Whenever I was struggling to fill my funded positions, I always enjoyed the quick time crunch of recruiting for a proposal effort. Some candidates are just more willing to sign on as a key resume for a response to a Request for Proposal (RFP) and that instant gratification of filling 10 slots just felt good – even if it wasn’t filled billets for the company.

Now, filling those funded positions / direct billets on contract felt better, but ultimately as a recruiter, having the assortment of both types of talent acquisition breaks up the days, weeks, and months. My belief is that variety of work is one of the best types of preventative care to avoiding recruiter burn out.

If you’re just starting in defense recruiting, there are some key differences (both pros and cons) to be aware of.


Like I said, proposal efforts are a time crunch that will shoot you full of adrenaline. Some recruiters love it, but others may not. The big difference in recruiting is that you’re obviously sourcing to fill a role that essentially doesn’t exist for your company yet – this type of recruiting is for the dreamers.

  1. The PROS – You will find some candidates that are willing to expand their opportunities by signing on with a company for a proposal (tread lightly, you can’t poach from any of your partners on that proposal). On the flip side, you will find candidates that don’t want to muddy the waters if their company finds out they are having these types of conversations. In my experience, I have found that there are a lot of candidates relating to the former. Another pro, in my opinion, is it breaks up the usual recruiting tasks with things like market / pricing research for position salaries, resume formatting, and potentially proposal writing for recruiting, staffing, and HR transition plans. Lastly, the quick turn-around efforts allow you to move candidates through the talent acquisition lifecycle and button up projects quickly, as opposed to funded, hard-to-fill positions that can remain unfilled for months on end. That, and you could potentially be getting some great news of an award in the next few months!
  2. The CONS – Some candidates who are solely money motivated will refuse to move forward with signing a Letter of Intent (LOI) if you do not have salaries readily available. With the moving parts of proposal submissions between signing teaming agreements and writing capabilities / mission specifics, your Program Managers may not have the pricing piece of the proposal complete until the night before it’s due (yes, this happens more than you think). If you’re running into candidates who will only sign an agreement knowing the salary, you could be out of luck trying to get all your slots filled. Another con relating to the quick turnaround is chasing down candidates who have not signed their LOI. This is almost always a requirement of the government customer you’re writing to for key resumes, and candidates sometimes act sluggish on returning paperwork.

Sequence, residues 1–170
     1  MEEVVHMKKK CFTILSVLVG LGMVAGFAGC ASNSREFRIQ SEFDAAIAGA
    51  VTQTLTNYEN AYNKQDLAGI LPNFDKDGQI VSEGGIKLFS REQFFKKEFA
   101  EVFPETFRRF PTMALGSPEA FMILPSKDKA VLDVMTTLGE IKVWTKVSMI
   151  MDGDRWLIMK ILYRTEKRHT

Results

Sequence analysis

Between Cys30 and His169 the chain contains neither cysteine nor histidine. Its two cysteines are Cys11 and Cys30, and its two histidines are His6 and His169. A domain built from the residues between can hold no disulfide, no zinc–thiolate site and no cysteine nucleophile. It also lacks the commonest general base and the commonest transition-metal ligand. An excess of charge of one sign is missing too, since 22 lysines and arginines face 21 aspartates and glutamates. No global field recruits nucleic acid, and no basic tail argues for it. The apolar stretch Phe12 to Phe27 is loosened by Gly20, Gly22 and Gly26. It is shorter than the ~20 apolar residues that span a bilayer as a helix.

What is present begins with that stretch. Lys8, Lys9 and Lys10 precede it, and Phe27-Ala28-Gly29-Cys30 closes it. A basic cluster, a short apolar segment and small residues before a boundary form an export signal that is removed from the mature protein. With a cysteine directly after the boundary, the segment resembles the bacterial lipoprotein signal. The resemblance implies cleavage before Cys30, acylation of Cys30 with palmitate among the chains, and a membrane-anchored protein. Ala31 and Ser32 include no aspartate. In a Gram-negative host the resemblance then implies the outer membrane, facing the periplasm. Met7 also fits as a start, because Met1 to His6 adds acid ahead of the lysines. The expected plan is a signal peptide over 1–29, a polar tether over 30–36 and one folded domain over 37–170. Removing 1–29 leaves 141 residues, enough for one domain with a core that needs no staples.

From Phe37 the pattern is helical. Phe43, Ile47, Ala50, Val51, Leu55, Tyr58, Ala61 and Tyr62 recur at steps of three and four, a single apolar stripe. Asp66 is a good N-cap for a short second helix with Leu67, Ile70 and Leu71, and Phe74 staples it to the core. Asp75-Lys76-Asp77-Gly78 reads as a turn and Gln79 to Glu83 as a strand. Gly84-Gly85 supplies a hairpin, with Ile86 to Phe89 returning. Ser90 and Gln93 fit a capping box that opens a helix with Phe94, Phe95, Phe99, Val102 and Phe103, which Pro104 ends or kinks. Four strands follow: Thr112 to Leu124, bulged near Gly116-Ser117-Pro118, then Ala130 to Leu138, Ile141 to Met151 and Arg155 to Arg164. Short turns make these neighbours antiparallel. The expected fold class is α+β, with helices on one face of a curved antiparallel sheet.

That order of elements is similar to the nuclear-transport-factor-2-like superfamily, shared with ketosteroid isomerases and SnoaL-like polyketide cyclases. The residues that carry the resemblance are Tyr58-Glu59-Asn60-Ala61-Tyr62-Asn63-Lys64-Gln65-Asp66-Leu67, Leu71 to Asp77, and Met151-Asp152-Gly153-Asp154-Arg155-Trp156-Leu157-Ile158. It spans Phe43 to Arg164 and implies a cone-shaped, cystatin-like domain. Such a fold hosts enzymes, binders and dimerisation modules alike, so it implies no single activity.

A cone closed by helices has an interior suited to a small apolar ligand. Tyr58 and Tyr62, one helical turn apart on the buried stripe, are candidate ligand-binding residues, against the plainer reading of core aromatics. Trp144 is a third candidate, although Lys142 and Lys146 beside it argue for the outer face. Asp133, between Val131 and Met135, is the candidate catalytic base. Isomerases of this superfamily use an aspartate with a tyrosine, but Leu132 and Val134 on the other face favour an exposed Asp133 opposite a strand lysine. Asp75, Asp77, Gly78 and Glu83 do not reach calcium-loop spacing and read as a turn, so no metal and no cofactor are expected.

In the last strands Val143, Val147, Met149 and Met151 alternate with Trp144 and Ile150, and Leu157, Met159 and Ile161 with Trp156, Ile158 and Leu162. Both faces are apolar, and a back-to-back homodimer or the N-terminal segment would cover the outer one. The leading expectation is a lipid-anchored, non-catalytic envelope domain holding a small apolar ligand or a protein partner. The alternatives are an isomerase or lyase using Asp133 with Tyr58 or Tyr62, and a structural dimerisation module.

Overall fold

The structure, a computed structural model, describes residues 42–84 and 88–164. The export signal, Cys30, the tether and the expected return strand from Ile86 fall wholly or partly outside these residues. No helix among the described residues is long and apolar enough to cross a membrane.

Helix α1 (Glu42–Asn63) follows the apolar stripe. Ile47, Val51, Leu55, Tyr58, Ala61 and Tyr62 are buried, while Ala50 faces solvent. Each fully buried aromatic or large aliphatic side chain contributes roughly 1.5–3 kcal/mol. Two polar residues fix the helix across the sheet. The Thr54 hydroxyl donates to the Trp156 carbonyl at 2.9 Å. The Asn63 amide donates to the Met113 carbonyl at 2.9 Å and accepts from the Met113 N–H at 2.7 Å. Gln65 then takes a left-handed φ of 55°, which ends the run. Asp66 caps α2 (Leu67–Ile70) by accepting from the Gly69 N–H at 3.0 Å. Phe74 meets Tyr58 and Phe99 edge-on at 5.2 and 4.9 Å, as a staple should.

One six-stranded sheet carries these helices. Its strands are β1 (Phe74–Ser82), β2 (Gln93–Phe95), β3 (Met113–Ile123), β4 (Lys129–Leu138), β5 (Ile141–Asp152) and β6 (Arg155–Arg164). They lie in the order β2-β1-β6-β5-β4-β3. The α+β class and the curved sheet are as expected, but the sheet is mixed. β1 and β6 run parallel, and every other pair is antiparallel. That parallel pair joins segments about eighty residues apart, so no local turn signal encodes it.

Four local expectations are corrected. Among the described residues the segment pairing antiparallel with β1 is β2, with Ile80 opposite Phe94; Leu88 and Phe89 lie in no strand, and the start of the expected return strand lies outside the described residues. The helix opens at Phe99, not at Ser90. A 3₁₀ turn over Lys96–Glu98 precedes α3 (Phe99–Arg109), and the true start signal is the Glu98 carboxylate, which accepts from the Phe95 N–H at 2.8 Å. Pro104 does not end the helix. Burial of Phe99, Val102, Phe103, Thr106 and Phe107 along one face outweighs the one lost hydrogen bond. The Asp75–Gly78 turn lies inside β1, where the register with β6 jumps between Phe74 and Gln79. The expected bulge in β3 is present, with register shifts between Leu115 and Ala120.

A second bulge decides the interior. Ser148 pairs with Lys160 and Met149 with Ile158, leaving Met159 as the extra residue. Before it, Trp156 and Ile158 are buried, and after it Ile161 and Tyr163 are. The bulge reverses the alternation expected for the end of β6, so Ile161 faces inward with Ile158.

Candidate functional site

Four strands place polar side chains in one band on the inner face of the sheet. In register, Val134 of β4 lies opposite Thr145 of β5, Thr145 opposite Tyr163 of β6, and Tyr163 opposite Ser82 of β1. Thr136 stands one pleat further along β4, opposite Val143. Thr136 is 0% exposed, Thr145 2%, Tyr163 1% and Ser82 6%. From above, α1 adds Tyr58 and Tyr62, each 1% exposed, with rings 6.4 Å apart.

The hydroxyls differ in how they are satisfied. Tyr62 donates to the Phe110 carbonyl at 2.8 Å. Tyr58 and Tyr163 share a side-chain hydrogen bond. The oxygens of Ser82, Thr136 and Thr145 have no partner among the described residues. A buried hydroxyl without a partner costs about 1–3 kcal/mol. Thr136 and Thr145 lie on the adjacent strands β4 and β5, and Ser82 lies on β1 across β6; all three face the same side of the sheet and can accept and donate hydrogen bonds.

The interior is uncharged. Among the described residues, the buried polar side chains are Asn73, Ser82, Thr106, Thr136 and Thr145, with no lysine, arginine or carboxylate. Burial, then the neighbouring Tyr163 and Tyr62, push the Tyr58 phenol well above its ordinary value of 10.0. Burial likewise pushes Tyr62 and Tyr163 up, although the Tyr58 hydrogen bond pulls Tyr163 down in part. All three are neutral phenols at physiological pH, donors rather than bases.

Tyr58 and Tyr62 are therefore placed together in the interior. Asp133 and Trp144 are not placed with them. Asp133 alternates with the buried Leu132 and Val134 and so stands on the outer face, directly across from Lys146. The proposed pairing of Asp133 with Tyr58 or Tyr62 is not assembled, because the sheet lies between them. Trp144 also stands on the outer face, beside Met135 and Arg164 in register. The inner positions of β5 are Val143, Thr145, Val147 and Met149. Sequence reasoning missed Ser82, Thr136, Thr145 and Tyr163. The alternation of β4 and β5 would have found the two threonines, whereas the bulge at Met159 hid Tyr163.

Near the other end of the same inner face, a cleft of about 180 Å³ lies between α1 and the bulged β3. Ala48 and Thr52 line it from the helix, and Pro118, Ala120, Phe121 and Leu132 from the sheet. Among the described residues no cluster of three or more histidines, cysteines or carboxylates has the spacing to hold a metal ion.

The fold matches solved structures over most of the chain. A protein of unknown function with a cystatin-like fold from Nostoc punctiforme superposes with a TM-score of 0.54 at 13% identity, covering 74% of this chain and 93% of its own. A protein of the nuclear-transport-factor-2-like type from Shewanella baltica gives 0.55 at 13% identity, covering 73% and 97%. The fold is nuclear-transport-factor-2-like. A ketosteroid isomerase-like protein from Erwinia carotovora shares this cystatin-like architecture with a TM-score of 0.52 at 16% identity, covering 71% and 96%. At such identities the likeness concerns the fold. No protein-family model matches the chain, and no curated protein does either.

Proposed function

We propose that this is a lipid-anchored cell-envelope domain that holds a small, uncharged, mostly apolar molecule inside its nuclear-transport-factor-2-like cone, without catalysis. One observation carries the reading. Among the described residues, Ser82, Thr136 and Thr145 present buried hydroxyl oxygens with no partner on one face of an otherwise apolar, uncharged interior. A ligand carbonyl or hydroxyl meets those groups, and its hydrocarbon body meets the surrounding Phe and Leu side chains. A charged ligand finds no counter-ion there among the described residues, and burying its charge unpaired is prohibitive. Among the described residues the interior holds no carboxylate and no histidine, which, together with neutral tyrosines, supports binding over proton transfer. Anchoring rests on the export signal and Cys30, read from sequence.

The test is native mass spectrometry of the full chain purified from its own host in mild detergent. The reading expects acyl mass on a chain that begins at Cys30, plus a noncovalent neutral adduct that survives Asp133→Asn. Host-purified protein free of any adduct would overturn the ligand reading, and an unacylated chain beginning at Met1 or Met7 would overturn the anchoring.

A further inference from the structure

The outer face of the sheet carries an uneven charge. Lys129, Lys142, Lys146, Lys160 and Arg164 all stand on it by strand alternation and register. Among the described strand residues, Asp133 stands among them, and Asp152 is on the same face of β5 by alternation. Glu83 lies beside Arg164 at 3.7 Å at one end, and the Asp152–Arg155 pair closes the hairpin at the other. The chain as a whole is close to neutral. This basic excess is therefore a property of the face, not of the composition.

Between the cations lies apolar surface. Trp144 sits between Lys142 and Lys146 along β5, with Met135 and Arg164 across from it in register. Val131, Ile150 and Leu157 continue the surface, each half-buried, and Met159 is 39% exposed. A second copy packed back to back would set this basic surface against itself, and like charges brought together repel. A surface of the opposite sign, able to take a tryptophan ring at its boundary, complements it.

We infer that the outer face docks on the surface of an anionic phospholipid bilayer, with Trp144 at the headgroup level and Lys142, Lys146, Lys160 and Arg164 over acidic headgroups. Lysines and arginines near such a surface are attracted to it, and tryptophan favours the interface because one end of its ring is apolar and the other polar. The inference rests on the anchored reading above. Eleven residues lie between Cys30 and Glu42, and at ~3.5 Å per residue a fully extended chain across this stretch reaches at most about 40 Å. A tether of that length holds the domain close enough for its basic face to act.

The last piece of this puzzle relies on the team of companies that your organization has built, whether you are a prime or a sub. This can be a pro or a con – you could have partners that kill it in the proposal staffing game, or you could have a lot of resume holes you might be scrambling to fill with your current employee’s resumes last minute (no one loves the bait and switch).


  1. The PROS – The obvious pro of recruiting for fully funded positions on contract is the fact that it is company money (including your own commission) and mission fulfillment now. That is why recruiting is such an integral part of defense contracting. And while you can look at the recruiting functions or processes as pros or cons depending on your personal preference, I’ll list a few of them as positives here: while moving candidates through the lifecycle, you are REALLY getting to know them with multiple conversations and steps in the hiring process if they are intending to join you for a position that is open at that moment. The satisfaction of being the face of a company and helping someone obtain their new dream job takes relationship building and time, but I always enjoyed being a go-to resource for my candidates well into their employment once they joined my company.
  2. The CONS– Recruiting for fully funded positions is a much more in depth process. There are a lot of tasks: sourcing; sifting through resumes, voicemails, emails, phone screens; checking on clearance statuses with your FSO, resume submissions, follow up interviews, team lead chats, salary negotiations, submitting candidates to the prime contractor / government customer; and so much more in between. It takes time, like I said, and if you get close to wrangling that secret squirrel and are nearing the end of the process, it can be extremely frustrating if they are rejected, back out, or ghosts you altogether. It’s a lot of time down the drain.

Your partners certainly hold weight for this type of recruiting as well – and it really fuels the competitive edge of recruiters between companies if you have a best athlete recruiting approach.

Be sure to check out some of our Top Recruiting Hacks to launch you into staffing success this year. Happy recruiting!

Related News

Katie Keller is a marketing fanatic that enjoys anything digital, communications, promotions & events. She has 7+ years in the DoD supporting multiple contractors with recruitment strategy, staffing augmentation, marketing, & communications. Favorite type of beer: IPA. Fave hike: the Grouse Grind, Vancouver, BC. Fave social platform: ClearanceJobs! 🇺🇸